The researchers studied the behaviour of Neogenin in lipid rafts, which are cholesterol-rich regions in the cell membrane where signaling molecules and receptors assemble. In an elegant series of molecular biology experiments, the team showed that Neogenin was recruited to lipid rafts after it interacted with its ligand RGMa. By preventing this interaction with chemical inhibitors or by reducing the amount of membrane cholesterol, they were able to block Neogenin raft localization, promote cell growth and prevent cell death. Blocking Neogenin raft localization also promoted survival and regeneration in the injured adult optic nerve and spinal cord.

“When we lowered cholesterol and disrupted rafts, locomotor function was restored in an experimental model of spinal cord injury,” says Dr. Monnier. “This exciting data presents a potential new strategy to promote regeneration and functional recovery in the injured CNS.”

This study was supported by the Heart & Stroke Foundation of Ontario, the Glaucoma Research Society of Canada, the Canadian Institutes of Health Research and the Toronto General & Western Hospital Foundation.

Modifying lipid rafts promotes regeneration and functional recovery. Tassew NG, Mothe AJ, Shabanzadeh AP, Banerjee P, Koeberle PD, Bremner R, Tator CH, Monnier PP. Cell Reports. 2014 Aug 5 . [Pubmed abstract]

Navigating Canada's Research Facilities

The Canada Foundation for Innovation (CFI) has launched a new online tool, the Research Facilities Navigator, which lists over 360 laboratory profiles from 63 universities, colleges and research hospitals across Canada. The site serves as a quick search point for researchers and businesses to identify facilities and equipment to advance their research and innovation needs.

The research labs listed on the site span five areas: Engineering, Health, Environment, Science, and Social Sciences and Humanities. Examples of labs include University of Waterloo's FELT lab, a public-private partnership that is outfitted with state-of-the-art display technologies to study new ways of interacting with technology; University of Western Ontario's Sustainable Archaeology laboratory, which has imaging equipment to visually reconstruct archaeological sites; and UHN's iDAPT Centre for Rehabilitation Research, which has custom-built immersive environments to recreate challenging environments (eg, the Winter Lab, which simulates snow, ice and wind conditions to safely study fall prevention). UHN's Philip S. Orsino Cell Therapy Facility, Princess Margaret Genomics Centre, Spatio-Temporal Targeting and Amplification of Radiation Response (STTARR) program, Guided Therapeutics (GTx) Program and Electronic Living Laboratory for Interdisciplinary Cancer Survivorship Research (ELLICSR) are also listed on the site.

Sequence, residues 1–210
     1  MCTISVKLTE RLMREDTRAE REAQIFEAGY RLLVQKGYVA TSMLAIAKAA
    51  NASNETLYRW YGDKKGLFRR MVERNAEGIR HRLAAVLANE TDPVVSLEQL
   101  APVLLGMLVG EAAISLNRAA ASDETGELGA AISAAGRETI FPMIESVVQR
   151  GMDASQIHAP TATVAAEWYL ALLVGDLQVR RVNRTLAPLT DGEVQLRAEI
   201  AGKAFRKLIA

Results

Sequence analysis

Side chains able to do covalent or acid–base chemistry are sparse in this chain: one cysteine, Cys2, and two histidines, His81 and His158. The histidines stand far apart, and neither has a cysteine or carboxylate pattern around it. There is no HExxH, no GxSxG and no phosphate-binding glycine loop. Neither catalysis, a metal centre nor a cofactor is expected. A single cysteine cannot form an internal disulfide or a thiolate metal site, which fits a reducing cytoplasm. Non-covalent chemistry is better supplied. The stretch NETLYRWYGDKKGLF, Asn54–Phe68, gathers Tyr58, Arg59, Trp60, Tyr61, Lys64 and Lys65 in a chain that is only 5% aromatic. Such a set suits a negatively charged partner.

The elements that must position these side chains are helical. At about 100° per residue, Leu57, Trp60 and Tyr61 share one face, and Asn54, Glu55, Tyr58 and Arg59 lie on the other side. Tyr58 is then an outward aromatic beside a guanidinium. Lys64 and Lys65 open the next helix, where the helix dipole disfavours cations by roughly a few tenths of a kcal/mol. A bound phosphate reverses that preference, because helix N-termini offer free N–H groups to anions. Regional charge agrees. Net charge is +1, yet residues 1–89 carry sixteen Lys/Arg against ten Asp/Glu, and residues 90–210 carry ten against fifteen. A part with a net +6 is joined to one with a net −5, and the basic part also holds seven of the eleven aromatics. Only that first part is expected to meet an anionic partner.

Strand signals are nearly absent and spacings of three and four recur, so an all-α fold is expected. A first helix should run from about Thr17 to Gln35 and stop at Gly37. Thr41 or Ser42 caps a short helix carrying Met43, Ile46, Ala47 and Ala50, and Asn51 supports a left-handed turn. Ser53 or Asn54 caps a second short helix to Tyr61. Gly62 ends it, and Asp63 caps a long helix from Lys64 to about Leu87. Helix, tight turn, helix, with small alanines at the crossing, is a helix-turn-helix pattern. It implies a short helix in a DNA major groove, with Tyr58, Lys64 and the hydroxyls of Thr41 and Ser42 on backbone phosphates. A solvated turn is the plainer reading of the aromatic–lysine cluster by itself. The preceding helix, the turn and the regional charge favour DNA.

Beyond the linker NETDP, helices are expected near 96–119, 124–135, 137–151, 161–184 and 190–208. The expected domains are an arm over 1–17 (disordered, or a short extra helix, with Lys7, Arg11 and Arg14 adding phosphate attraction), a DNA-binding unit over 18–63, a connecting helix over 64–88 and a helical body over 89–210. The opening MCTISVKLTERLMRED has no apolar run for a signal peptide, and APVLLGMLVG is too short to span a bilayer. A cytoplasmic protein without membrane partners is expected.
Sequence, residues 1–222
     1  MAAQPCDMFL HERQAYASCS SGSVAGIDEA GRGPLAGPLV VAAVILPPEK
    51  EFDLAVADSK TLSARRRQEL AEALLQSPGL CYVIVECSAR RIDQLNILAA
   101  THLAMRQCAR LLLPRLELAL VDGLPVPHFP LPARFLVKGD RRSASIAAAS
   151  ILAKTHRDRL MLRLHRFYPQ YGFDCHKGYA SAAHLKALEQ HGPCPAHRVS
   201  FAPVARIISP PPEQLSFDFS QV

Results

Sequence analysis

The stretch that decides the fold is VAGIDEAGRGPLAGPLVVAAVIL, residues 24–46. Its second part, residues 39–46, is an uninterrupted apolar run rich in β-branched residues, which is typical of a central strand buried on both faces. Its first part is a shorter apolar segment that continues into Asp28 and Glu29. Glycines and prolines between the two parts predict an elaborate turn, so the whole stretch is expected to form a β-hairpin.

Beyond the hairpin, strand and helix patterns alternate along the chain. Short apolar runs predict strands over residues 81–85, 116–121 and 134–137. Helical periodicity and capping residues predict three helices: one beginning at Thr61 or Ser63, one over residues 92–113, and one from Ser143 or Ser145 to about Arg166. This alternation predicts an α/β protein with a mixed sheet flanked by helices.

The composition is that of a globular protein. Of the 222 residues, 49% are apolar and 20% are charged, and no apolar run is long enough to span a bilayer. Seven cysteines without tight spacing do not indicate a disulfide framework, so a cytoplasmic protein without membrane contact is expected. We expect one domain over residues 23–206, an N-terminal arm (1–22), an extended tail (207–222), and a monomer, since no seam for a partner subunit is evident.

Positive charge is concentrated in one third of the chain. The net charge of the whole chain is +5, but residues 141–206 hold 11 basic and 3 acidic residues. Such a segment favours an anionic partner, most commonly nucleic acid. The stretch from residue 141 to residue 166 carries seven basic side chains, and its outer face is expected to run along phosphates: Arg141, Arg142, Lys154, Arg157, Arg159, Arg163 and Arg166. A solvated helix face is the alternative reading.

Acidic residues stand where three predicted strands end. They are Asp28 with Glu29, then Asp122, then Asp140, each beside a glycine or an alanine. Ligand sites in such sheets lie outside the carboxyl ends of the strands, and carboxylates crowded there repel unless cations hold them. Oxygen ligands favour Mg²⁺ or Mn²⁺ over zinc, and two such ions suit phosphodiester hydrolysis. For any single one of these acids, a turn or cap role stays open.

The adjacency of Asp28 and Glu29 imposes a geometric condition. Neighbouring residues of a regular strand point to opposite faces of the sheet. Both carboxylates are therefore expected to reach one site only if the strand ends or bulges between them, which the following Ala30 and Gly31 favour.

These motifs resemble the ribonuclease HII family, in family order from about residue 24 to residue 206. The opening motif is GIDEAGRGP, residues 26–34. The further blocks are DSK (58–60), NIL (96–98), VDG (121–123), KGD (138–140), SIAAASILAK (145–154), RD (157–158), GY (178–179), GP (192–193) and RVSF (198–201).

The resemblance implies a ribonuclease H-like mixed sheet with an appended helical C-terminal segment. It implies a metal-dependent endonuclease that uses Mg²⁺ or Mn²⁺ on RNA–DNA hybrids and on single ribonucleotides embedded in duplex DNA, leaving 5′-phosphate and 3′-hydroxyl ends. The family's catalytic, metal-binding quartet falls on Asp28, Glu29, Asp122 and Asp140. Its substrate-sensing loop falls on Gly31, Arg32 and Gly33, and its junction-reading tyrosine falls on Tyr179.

For more details on these facilities visit the CFI Navigator website.

September 2014
Research News & Events
Peter Pisters Announced as UHN's New CEO

UHN's Board of Trustees and the Selection Committee has concluded its international search for a new President and CEO, identifying Dr. Peter Pisters of MD Anderson Cancer Centre.

"As a Canadian, I have always been proud of the health care offered to all citizens," said Dr. Pisters. "To return as President and CEO of UHN is a unique challenge and a privilege. I will do everything in my power to build on the legacy of those who have gone before me."

Dr. Pisters begins his role at UHN on January 1, 2015. He will bring with him a wide range of administrative and leadership experience from his current role at MD Anderson Cancer Center in Houston, Texas, where he is the Vice-President, Regional Care System. He is also an internationally renowned academic surgical oncologist with a specialty focus in sarcoma and gastrointestinal cancers, and an Executive Fellow in the Baldridge Performance Excellence Program of the US National Institute of Standards and Technology. Dr. Pisters is a graduate of The University of Western Ontario (MD) and Harvard University School of Public Health (MSc in Health Care Management).

"UHN's Board of Trustees and the Selection Committee knew how important it was to find someone who understood and was committed to superb clinical care, world-class research and a teaching environment that supports and encourages all members of UHN's community. We also knew that we had to find someone who was completely committed to our efforts to have our patients know that they are partners in their care," said John Mulvihill, Chair of the Board of Trustees.

Krembil Discovery Tower Recognized for its Architectural Aesthetic

UHN's Krembil Discovery Tower (KDT), which is home to one of Canada's most eminent neuroscience, vision and arthritis research programs, has been named one of the 50 most beautiful University Hospitals in North America by the "Best Master of Science in Nursing Degrees" website.

Among the unique architectural features acknowledged by the site were KDT's communal two-storey high collaboration centres, known as Sky Lobbies, which serve as informal areas where research teams can gather together and share their ideas against the backdrop of Toronto's spectacular skyline. The website also noted KDT's sustainability features such as its ample bicycle parking and showers, which promote green transportation and the construction team's recycling initiatives, which enabled 75% of the construction waste to be recycled.

KDT was made possible through a $30 million seed donation from the Krembil family, along with $30 million in grant funding from the Canada Foundation for Innovation. Generous donations by individuals, charities and the Toronto General & Western Hospital Foundation contributed to leveraging additional partner funding. In total, $174 million was raised to make KDT a reality.